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ID#:10130
Description:Magnified 158X, and stained with H&E (hematoxylin and eosin) staining technique, this light photomicrograph of brain tissue reveals the presence of typical amyloid plaques found in a case of variant Creutzfeldt-Jakob disease (vCJD). Note that the plaques vary in size, and consist of a hyaline eosinophilic core with a peripheral margin of radiating fibrils surrounded by a pale halo.
Variant Creutzfeldt-Jakob disease (vCJD) is a prion disease that was first described in 1996 in the United Kingdom. There is now strong scientific evidence that the agent responsible for the outbreak of prion disease in cows, bovine spongiform encephalopathy (BSE or 'mad cow' disease), is the same agent responsible for the outbreak of vCJD in humans. Both disorders are invariably fatal brain diseases with unusually long incubation periods measured in years, and are caused by an unconventional transmissible agent called a prion. vCJD is not the same disease as classic CJD. It has different clinical and pathologic characteristics from classic CJD. Each disease also has a particular genetic profile of the prion protein gene.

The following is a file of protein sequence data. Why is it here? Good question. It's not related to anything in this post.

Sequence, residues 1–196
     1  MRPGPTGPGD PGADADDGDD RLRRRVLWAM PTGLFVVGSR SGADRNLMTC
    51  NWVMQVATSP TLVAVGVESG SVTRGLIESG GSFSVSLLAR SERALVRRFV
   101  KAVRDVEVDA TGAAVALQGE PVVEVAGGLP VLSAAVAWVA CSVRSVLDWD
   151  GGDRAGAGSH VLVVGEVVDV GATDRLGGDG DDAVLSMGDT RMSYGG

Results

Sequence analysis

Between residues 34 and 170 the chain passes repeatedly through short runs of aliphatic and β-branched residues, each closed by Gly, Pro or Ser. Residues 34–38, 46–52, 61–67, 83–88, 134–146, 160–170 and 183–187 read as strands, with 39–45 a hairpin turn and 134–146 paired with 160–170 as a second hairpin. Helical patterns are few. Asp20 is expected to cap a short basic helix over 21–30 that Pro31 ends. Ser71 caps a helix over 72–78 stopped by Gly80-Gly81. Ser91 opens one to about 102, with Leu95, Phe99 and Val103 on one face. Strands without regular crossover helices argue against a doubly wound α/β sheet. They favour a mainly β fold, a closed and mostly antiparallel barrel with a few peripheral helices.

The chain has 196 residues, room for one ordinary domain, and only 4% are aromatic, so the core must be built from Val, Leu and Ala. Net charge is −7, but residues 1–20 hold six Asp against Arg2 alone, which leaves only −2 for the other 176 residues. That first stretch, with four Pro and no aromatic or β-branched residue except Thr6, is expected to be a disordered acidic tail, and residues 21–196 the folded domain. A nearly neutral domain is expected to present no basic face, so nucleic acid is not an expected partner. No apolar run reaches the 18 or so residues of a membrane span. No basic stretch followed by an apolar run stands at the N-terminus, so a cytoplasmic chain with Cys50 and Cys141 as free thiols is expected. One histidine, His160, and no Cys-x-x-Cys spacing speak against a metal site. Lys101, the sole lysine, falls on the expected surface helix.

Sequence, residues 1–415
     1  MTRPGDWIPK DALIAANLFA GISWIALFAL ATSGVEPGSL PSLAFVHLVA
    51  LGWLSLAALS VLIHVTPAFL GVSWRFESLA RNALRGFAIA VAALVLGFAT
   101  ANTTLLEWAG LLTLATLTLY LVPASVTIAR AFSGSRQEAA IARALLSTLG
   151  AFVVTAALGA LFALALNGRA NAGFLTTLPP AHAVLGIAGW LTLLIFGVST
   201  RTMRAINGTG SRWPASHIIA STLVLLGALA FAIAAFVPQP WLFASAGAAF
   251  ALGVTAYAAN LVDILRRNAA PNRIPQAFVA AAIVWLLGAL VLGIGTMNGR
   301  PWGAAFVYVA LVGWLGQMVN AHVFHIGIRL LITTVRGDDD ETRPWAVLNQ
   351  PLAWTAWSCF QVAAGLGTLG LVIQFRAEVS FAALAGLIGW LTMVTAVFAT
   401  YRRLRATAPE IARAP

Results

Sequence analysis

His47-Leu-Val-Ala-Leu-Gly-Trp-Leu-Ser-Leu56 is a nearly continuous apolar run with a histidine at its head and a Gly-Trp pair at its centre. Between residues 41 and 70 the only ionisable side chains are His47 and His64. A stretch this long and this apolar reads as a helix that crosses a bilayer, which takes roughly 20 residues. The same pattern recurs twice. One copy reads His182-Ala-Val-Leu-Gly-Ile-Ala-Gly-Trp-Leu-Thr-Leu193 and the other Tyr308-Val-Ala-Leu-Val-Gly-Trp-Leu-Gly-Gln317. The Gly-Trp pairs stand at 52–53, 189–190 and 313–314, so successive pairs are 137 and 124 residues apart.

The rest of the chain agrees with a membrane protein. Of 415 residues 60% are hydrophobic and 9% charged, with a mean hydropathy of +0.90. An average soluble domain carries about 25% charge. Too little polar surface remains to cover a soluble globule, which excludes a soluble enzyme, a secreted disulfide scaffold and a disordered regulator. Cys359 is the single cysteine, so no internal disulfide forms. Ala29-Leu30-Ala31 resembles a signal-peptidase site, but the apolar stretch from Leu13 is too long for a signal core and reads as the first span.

High Resolution: Click here for hi-resolution image (16.1 MB)
Content Providers(s):CDC/ Teresa Hammett
Creation Date:2004
Photo Credit:Sherif Zaki; MD; PhD; Wun-Ju Shieh; MD; PhD; MPH
Links:CDC - vCJD (Variant Creutzfeldt-Jakob Disease)
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Copyright Restrictions:None - This image is in the public domain and thus free of any copyright restrictions. As a matter of courtesy we request that the content provider be credited and notified in any public or private usage of this image.

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